I had the privilege of riding with David Blumenthal during the 2010 Tour Divide Race. Tragically, 10 days into the race, he collided with a car and, later, died from his injuries. I attended Dave’s memorial in Vermont and met his wife, four-year-old daughter, and family. I was blown away by the hundreds of people who attended his memorial, many sharing stories of how Dave had touched their lives.
Dave’s wife asked me to write a letter to their daughter. She wanted me to share stories about my time with Dave. When their daughter turns 16, she will receive my letter along with letters from other friends and family. The goal is to help her understand who her father was.
Dave’s death shocked the Tour Divide community. I know that others would be interested in hearing stories about Dave, so I’ve posted my letter below. It was also included in latest edition of The Cordillera V3.
See you down the road Dave…
I first met your father via his blog. I, like Dave, was going to participate in the 2010 Tour Divide Race (TDR) and I came across his blog because he graciously shared information on the equipment that he planned to use in the race. The TDR required a lot of equipment and careful planning. Many participants preferred not to share their packing list, hoping that it would give them an advantage. Dave, however, happily shared his, including instructions on how to create his homemade bike bags and tent.
Just from reading his blog posts, it was apparent that his interest in the TDR was not really about beating others riders to Mexico. No, for him, it was more about the challenge and the adventure that it offered. You could tell that he really enjoyed thinking about and strategizing his approach to the race.
I met Dave for the first time in person in a small park in Banff. One of the local bike shops threw a BBQ for the 48 racers. I showed up a little late to the gathering and there were lots of people chatting away under a large gazebo. I had brought some beers to share, but I didn’t have a bottle opener. When I asked a man if he had an opener, he said that he did not, but then said: “I’m pretty sure that tall guy with the beard would have one. He has some cool little tool thingy.”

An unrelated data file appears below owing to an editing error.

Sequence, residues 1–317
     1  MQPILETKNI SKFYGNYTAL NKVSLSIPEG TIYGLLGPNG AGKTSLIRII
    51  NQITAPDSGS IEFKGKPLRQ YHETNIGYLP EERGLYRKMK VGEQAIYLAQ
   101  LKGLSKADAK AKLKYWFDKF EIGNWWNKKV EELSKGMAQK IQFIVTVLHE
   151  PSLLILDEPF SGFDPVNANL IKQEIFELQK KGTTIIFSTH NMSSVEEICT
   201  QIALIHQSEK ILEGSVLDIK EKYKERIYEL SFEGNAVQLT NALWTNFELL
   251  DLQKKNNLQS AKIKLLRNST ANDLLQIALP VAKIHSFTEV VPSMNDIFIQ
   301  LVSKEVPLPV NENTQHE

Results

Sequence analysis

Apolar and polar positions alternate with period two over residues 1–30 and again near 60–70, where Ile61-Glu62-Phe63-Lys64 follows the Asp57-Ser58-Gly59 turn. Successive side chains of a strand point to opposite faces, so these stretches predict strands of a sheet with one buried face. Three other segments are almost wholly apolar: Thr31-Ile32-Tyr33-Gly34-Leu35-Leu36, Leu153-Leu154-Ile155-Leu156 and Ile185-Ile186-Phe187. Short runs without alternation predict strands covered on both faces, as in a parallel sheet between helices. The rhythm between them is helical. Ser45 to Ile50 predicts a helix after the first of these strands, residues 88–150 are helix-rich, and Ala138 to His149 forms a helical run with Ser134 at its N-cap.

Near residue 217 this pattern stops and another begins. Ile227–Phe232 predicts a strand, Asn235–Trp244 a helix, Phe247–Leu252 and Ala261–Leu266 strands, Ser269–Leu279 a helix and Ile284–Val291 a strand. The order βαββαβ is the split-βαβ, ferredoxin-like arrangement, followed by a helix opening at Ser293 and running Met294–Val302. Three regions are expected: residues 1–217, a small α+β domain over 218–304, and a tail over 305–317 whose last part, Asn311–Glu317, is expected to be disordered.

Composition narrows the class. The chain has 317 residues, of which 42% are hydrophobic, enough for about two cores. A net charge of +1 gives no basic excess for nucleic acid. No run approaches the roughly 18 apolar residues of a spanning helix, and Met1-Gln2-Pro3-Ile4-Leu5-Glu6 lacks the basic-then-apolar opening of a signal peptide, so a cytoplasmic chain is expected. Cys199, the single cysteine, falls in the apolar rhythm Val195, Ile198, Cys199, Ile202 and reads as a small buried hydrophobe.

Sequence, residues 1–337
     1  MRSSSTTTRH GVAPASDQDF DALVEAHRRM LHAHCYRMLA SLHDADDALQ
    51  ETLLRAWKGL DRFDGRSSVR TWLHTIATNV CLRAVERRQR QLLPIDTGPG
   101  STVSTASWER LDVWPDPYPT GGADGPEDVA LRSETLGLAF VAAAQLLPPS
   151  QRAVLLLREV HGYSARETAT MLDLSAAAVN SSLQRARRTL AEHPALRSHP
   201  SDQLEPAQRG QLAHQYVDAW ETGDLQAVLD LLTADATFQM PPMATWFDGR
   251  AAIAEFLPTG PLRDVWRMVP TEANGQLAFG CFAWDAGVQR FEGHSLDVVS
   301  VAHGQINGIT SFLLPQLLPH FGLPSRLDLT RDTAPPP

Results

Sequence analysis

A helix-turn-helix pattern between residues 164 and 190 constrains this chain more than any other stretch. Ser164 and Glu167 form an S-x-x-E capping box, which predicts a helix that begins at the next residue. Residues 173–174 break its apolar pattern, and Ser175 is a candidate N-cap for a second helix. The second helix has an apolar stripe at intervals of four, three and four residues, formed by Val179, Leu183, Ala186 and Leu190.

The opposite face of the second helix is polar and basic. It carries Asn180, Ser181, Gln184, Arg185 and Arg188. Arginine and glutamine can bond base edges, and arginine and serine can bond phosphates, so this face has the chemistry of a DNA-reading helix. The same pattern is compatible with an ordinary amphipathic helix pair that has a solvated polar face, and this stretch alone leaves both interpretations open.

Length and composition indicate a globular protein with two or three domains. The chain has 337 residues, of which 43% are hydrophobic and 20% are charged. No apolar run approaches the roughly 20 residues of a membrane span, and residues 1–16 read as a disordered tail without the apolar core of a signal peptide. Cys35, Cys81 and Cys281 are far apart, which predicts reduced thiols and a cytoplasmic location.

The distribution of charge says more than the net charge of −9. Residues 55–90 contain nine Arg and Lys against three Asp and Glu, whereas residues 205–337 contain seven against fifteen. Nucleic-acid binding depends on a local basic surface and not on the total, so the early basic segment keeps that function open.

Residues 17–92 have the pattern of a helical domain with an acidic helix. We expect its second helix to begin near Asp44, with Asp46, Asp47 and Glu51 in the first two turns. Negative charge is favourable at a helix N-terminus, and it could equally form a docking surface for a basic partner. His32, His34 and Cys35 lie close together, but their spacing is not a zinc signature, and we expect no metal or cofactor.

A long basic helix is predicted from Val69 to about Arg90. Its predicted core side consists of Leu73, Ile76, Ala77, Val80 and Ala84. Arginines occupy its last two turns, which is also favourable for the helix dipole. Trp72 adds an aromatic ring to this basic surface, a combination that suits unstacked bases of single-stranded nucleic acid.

I looked over and saw Dave, whose height was impressive, talking to three people who where all arranged in a semi circle, oriented directly towards him. It was obvious that Dave was the one carrying the conversation and the way that he smiled and laughed conveyed warmth and approachableness.
I also noticed that he was wearing shorts. It was particularly cold that day in June, maybe in the mid 40’s, but it didn’t seem to bother him.
Dave did have a nifty little multi-tool that could open bottles. Of course he did, he explained. He planned on enjoying some beers during the race and looked forward to stopping at some breweries that he had researched and knew were near the route. We seemed to have similar dispositions and our conversation flowed easily from one topic to the next, so we ended up splitting my six-pack between us.